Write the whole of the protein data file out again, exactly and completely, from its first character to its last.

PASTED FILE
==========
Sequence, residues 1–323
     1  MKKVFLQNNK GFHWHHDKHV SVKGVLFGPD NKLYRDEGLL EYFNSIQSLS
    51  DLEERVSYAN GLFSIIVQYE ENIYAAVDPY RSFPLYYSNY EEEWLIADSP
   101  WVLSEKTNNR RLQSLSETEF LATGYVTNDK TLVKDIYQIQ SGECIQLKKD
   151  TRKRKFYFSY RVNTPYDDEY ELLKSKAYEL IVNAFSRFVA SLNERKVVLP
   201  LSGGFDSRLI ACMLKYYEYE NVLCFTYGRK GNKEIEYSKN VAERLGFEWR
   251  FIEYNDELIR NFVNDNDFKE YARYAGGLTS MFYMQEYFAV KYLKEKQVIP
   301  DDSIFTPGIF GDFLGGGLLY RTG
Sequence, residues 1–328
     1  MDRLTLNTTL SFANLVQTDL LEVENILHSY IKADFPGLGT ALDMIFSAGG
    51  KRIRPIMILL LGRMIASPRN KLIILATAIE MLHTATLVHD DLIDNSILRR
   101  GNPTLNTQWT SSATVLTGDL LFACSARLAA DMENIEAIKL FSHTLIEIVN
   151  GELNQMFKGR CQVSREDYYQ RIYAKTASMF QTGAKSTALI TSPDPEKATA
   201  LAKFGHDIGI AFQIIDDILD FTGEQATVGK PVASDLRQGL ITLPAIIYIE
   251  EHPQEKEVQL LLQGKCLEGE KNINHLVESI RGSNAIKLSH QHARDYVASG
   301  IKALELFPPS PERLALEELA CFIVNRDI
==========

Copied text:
Sequence, residues 1–323
     1  MKKVFLQNNK GFHWHHDKHV SVKGVLFGPD NKLYRDEGLL EYFNSIQSLS
    51  DLEERVSYAN GLFSIIVQYE ENIYAAVDPY RSFPLYYSNY EEEWLIADSP
   101  WVLSEKTNNR RLQSLSETEF LATGYVTNDK TLVKDIYQIQ SGECIQLKKD
   151  TRKRKFYFSY RVNTPYDDEY ELLKSKAYEL IVNAFSRFVA SLNERKVVLP
   201  LSGGFDSRLI ACMLKYYEYE NVLCFTYGRK GNKEIEYSKN VAERLGFEWR
   251  FIEYNDELIR NFVNDNDFKE YARYAGGLTS MFYMQEYFAV KYLKEKQVIP
   301  DDSIFTPGIF GDFLGGGLLY RTG
Sequence, residues 1–328
     1  MDRLTLNTTL SFANLVQTDL LEVENILHSY IKADFPGLGT ALDMIFSAGG
    51  KRIRPIMILL LGRMIASPRN KLIILATAIE MLHTATLVHD DLIDNSILRR
   101  GNPTLNTQWT SSATVLTGDL LFACSARLAA DMENIEAIKL FSHTLIEIVN
   151  GELNQMFKGR CQVSREDYYQ RIYAKTASMF QTGAKSTALI TSPDPEKATA
   201  LAKFGHDIGI AFQIIDDILD FTGEQATVGK PVASDLRQGL ITLPAIIYIE
   251  EHPQEKEVQL LLQGKCLEGE KNINHLVESI RGSNAIKLSH QHARDYVASG
   301  IKALELFPPS PERLALEELA CFIVNRDI